May 7, 2018
When most people think of the Pacific Islands — consisting of Micronesia, Polynesia and Melanesia — they imagine beautiful islands dotting deep blue ocean.
However, these islands do face a few common issues: "Small land mass, scattered land and inadequate social services such as electricity and running water." "Located far from international markets, making it hard to develop industry." "Vulnerable to natural disasters and climate change."
A solar power system adopted in Tonga
The Pacific Islands Leaders Meeting (PALM) will be held May 18-19 in Iwaki, Fukushima prefecture, Japan. PALM is a leadership summit that aims to build cooperative relationships and facilitate discussion among Japan, also an island nation, and the Pacific Island countries about various issues they face. The meeting is held once every three years. The upcoming PALM will be the eighth, and participants will discuss the following themes: "maritime assistance," "independent and sustainable development," and "invigoration of people-to-people exchanges."
JICA has provided assistance to the Pacific Islands in various areas for many years with the aims of working toward solutions to their problems and strengthening cooperation. Ahead of PALM 8, we would like to introduce in two installments JICA's promotion of renewable energy and support for human resource training in the broader area of islands in the Pacific Ocean.
The 14 Pacific Island countries JICA provides assistance to
JICA Senior Advisor Tadayuki Ogawa (front row, center) participates in a discussion with Tuvaluan counterparts involved in the project.
"Because the Pacific Island countries are all small island nations with small power supply networks, it is difficult to provide a stable supply of electricity by simply introducing renewable energy, whose supply can become unstable depending on climate conditions," said JICA Senior Advisor Tadayuki Ogawa, who serves as chief advisor to the Project for Introduction of Hybrid Power Generation System in the Pacific Island Countries. The project has been carried out in five countries since 2017: Fiji, Tuvalu, Kiribati, the Federated States of Micronesia and the Marshall Islands.
Many countries in the Pacific Ocean hold up the ideal of introducing renewable energy as a way to reduce the consumption of fossil fuels. To make up for the instability of renewable energy, for which the amount of power generated is influenced by the weather, JICA is providing technical cooperation to configure and stably operate hybrid systems that effectively combine renewable energy with diesel generators and storage batteries, if necessary.
JICA Senior Advisor Tadayuki Ogawa, center, visits wind power facilities in Fiji.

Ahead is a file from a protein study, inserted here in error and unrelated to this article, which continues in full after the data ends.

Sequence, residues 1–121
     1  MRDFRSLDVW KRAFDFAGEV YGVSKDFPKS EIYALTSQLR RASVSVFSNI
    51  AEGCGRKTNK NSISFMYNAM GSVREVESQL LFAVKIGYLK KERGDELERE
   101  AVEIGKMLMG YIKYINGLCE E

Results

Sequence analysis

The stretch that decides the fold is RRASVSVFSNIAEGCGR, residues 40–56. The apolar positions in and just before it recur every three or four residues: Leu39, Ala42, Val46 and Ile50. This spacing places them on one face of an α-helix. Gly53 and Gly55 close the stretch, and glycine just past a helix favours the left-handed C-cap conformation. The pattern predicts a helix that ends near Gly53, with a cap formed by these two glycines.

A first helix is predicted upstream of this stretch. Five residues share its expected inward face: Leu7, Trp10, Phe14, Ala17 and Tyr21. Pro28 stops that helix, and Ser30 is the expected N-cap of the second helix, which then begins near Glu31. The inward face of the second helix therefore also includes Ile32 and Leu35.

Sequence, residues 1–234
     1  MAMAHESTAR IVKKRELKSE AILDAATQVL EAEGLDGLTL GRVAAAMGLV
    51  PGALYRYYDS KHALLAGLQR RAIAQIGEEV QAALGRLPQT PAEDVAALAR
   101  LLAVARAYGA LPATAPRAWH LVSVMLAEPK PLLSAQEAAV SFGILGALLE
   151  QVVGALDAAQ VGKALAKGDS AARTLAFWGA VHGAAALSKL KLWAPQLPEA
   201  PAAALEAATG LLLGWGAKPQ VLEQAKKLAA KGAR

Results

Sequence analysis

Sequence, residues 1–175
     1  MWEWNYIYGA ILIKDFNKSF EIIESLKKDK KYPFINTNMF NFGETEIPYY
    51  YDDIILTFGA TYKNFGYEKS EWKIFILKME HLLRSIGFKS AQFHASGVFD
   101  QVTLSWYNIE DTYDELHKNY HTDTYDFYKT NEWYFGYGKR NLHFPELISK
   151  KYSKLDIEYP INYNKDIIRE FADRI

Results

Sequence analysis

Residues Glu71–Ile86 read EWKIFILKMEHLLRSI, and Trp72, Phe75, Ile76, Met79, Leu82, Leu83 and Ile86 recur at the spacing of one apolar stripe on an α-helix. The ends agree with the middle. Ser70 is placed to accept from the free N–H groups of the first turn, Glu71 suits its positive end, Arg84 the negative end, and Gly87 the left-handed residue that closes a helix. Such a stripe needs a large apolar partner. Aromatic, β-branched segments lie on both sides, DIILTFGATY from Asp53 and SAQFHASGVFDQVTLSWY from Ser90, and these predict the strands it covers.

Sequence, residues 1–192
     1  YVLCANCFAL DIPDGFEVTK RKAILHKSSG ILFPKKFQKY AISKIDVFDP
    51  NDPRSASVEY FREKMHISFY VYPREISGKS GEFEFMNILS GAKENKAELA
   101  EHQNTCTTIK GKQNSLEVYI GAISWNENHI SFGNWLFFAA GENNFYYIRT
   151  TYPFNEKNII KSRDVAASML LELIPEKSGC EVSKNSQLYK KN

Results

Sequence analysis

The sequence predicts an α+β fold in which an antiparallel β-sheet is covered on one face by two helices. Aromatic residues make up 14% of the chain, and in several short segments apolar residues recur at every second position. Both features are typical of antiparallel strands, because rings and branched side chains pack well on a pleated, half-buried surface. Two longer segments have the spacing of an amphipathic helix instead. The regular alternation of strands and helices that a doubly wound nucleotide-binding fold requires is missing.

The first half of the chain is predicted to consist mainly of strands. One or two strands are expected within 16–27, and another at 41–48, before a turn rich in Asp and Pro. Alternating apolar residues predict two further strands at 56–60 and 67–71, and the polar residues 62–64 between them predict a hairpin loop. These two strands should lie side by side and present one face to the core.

This project is being carried out based on the "hybrid island concept," which Japan announced for new assistance in the energy field at PALM 7 in 2015.
For a long time, JICA has worked to popularize renewable energy in each of the Pacific Islands countries, but this is its first such wide-area project. Mr. Ogawa proceeded to his new position in Fiji, the base for the project from the beginning. From there he is going around to southern islands giving technical advice on such matters as disseminating hybrid electrical generation. For example, at the request of Fiji Electricity Authority(now Energy Fiji Limited)he has held in Fiji two workshops on introducing solar power generation. More than 30 engineers and technicians participated. JICA continues to provide assistance at individual sites on forming plans for renewable energy integration.
Training participants and JICA Senior Advisor Tadayuki Ogawa, third from left, visited Miyako Island Mega-Solar Demonstration Research Facility.
Under the hybrid island concept, island-type energy technology and experience fostered to promote renewable energy in Japan's outlying islands such as Okinawa is being put to use. In February, 11 electric power engineers and technicians from the five target countries of the project participated in training in Japan. They visited Miyako Island in Okinawa prefecture and saw initiatives to expand the integration of renewable energy there. Mr. Ogawa accompanied them for the training.
One of the participants, Mr.Krishneel Prasad of Energy Fiji Limited, has wasted no time in putting the training to use. Making reference to the Japanese example, he is looking at methods for acquiring solar irradiation data in multiple locations and forecasting power generation with those data, in order to efficiently enact a plan to integrate solar power generation in his country. Also, Mr. Fatoga Talama of Tuvalu Electricity Corporation held training at his workplace after returning to his country and began working to incorporate the technologies being adopted on Japan's outlying islands.
The results and data accumulated in the future in Pacific Island countries will also be used to improve Japan's island-type energy technologies. "Instead of Japanese experts unilaterally providing assistance, in this project island countries with common problems learn from one another and work to solve those problems," Mr. Ogawa said.
A solar power generation system set up at Palau International Airport
JICA's cooperation in the field of electric power generation in the Pacific Islands goes back to the 1990s when it set up diesel engine generators and power distribution systems. Since 2009, it has been carrying out initiatives to introduce grid-connected solar power generation systems on Palau and elsewhere, spreading solar power generation systems in Pacific Island countries.
Based on these relationships of trust built up through long years of cooperation, and in preparation for an era of renewable energy, JICA will transition from technology transfers from Japan to Pacific Island nations to thinking together, sharing knowledge and creating new value. We will give back the experiences and expertise we gain to developing countries and Japan.